Original Article

International Journal of Obesity (2017) 41, 793–800; doi:10.1038/ijo.2017.41; published online 7 March 2017


The effect of increasing risk and challenge in the school playground on physical activity and weight in children: a cluster randomised controlled trial (PLAY)

V L Farmer1, S M Williams2, J I Mann1,3, G Schofield4, J C McPhee4 and R W Taylor1

  1. 1Department of Medicine, University of Otago, Dunedin, New Zealand
  2. 2Department of Preventive and Social Medicine, University of Otago, Dunedin, New Zealand
  3. 3Department of Human Nutrition, University of Otago, Dunedin, New Zealand
  4. 4Human Potential Centre, Auckland University of Technology, Auckland, New Zealand

Correspondence: Professor RW Taylor, Department of Medicine, University of Otago, PO Box 56, Dunedin 9054, New Zealand. E-mail: rachael.taylor@otago.ac.nz

Received 4 September 2016; Revised 20 December 2016; Accepted 31 January 2017
Accepted article preview online 10 February 2017; Advance online publication 7 March 2017





To investigate whether changing the play environment in primary schools to one that includes greater risk and challenge increases physical activity and reduces body mass index (BMI).



A 2-year cluster randomised controlled trial was undertaken in 16 New Zealand schools (years 1–8). Intervention schools (n=8) redesigned their play environments to encourage imaginative and independent free play by increasing opportunities for risk and challenge (for example, rough-and-tumble play), reducing rules and adding new playground components (for example, loose parts). Control schools (n=8) were asked to not change their play environment. A qualified playworker rated all school play environments at baseline and 1 year. Primary outcomes were moderate-to-vigorous physical activity (7-day accelerometry) and BMI z-score, collected in 840 children at baseline, 1 and 2 years. Data were analysed using generalised estimating equations.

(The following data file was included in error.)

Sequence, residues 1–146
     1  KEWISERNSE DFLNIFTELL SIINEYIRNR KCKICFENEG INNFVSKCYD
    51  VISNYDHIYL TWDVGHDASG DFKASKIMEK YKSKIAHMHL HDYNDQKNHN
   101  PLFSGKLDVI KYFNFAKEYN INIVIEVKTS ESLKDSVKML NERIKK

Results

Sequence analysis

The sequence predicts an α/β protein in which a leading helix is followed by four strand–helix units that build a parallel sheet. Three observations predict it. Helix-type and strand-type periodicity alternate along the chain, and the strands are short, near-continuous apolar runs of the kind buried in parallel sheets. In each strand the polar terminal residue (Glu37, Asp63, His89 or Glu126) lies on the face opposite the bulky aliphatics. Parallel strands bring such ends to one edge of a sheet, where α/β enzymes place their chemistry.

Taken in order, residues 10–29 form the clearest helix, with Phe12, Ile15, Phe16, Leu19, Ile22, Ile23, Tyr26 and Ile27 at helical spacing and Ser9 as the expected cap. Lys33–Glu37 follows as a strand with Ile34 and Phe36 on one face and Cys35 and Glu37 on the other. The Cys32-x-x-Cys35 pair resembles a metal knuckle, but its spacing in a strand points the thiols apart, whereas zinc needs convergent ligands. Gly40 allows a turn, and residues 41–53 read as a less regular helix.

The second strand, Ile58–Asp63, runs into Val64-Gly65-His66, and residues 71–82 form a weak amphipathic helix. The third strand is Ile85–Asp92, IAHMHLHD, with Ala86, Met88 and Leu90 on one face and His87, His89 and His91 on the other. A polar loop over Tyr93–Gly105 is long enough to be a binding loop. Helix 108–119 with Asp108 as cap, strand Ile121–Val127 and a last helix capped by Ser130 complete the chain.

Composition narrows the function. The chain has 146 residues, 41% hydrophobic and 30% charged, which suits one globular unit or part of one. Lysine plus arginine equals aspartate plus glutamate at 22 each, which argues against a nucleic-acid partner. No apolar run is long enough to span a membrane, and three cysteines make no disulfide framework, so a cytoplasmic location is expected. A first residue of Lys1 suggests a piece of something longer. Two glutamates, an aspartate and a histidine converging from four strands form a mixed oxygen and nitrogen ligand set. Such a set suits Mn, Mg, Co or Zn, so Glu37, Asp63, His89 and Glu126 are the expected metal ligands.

Multiple changes were made to the school play environments resulting in a significant difference in overall play evaluation score between intervention and control schools of 4.50 (95% confidence interval: 1.82 to 7.18, P=0.005), which represents a substantial improvement from baseline values of 19.0 (s.d. 3.2). Overall, schools liked the intervention and reported many benefits, including increased physical activity. However, these beliefs did not translate into significant differences in objectively measured physical activity, either as counts per minute (for example, 35 (−51 to 120) during lunch break) or as minutes of moderate-to-vigorous physical activity (0.4, −1.1 to 2.0). Similarly, no significant differences were observed for BMI, BMI z-score or waist circumference at 1 or 2 years (all P>0.321).



Altering the school play environment to one that promoted greater risk and challenge for children did not increase physical activity, nor subsequently alter body weight. Although schools embraced the concept of adding risk and challenge in the playground, our findings suggest that children may have been involved in different, rather than additional activities.

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